Phantom measurements further verified the ability of the benchtop mLCI device to accurately measure gel distributions atop a tissue- like surface.

A clinical dual- modality optical imaging instrument was then designed and built by combining an existing fluorimetry device used by Henderson et al.

with the mLCI instrument.27, 28 A compact mLCI imaging module was created in order to allow simultaneous imaging by the modalities.

The dual- modality device’s optical properties were first verified, followed by calibration socket measurements.

Initial in vivo validation was provided in Section 3.2.3.

Finally, several improvements were made on the dual- modality instrument which increased both measurement fidelity and ease of operation in the clinical setting.

These changes are discussed in the last section of the chapter, Section 3.2.4.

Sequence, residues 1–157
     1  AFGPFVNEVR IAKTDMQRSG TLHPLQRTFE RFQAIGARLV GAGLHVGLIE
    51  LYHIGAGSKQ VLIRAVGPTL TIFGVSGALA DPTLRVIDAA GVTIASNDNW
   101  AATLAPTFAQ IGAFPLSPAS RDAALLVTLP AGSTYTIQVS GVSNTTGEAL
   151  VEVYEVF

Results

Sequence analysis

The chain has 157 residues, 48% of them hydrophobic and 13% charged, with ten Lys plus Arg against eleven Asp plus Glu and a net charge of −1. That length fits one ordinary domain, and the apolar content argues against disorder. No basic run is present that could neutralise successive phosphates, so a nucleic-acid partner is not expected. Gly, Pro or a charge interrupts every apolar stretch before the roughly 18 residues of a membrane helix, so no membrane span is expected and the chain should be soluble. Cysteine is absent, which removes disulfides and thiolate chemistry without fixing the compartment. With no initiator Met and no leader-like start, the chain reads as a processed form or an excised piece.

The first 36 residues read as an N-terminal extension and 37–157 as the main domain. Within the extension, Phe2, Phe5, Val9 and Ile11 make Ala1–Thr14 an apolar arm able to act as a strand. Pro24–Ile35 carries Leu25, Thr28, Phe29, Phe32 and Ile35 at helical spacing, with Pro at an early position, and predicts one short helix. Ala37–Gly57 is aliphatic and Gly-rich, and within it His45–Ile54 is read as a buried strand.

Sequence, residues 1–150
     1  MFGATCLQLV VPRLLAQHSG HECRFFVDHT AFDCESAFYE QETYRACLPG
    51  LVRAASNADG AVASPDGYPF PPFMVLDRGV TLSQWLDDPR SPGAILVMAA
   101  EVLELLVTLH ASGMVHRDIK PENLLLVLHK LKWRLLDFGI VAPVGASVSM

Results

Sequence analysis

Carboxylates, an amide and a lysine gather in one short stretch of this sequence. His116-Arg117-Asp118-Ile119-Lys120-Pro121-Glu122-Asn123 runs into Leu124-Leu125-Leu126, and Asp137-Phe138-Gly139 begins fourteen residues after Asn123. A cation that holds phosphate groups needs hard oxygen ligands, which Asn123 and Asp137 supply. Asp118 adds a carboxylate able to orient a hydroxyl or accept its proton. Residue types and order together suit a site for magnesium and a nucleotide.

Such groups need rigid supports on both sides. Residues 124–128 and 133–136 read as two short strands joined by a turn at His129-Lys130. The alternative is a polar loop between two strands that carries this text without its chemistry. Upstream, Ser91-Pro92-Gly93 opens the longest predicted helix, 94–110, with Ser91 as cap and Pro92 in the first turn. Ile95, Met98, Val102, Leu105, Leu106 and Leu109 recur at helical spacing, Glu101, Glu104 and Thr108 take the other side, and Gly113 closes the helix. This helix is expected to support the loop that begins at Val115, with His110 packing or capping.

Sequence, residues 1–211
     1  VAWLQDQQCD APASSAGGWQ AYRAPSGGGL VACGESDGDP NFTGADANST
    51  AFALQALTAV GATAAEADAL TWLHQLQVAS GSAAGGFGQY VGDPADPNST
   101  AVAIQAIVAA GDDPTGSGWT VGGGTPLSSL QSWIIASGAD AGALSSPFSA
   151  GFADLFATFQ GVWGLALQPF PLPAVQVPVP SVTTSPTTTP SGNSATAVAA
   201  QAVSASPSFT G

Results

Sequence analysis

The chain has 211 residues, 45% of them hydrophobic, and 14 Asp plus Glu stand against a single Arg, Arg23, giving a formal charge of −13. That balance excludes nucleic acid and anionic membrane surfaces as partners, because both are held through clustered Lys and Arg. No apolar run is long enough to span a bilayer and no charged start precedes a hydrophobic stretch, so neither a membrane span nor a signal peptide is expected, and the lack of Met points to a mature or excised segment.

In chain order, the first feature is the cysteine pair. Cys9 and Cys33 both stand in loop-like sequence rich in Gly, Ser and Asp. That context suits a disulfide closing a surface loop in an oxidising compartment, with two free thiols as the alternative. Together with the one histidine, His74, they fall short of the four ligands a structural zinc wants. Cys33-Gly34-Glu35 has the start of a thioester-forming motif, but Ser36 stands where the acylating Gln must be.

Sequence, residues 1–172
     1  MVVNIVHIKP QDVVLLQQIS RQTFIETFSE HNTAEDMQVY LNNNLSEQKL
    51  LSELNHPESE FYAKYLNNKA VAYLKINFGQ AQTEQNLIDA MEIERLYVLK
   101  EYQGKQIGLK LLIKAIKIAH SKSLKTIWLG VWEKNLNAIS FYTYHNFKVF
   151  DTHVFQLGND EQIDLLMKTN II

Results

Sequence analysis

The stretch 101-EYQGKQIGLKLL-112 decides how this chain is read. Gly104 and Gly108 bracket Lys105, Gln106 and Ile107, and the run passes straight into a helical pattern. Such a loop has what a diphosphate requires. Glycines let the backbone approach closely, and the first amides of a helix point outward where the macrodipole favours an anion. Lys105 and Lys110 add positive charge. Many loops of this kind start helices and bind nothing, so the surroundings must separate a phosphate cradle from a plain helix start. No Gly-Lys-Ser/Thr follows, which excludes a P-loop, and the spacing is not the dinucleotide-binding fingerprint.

67 4 In vivo dual-modality optical imaging instrument clinical study

4.1 Introduction

Chapter

3 outlined the details of the instrumentation of a dual- modality optical imaging device, which obtains simultaneous measurements from fluorimetry and mLCI.

The progression of the dual- modality optical imaging instrument was described from a single channel device to a benchtop mLCI system, and concluding with a clinically verified dual- modality instrument.

Optical performance was thoroughly explained and calibration measurements were presented to show linearity and accuracy.

Tissue phantoms were used throughout the development of the instrument for simulations.

Finally, preliminary in vivo human data showed feasibility of the instrument in measuring microbicide gel thickness distributions.

Chapter

4 will now describe the application of this instrument in a clinical study.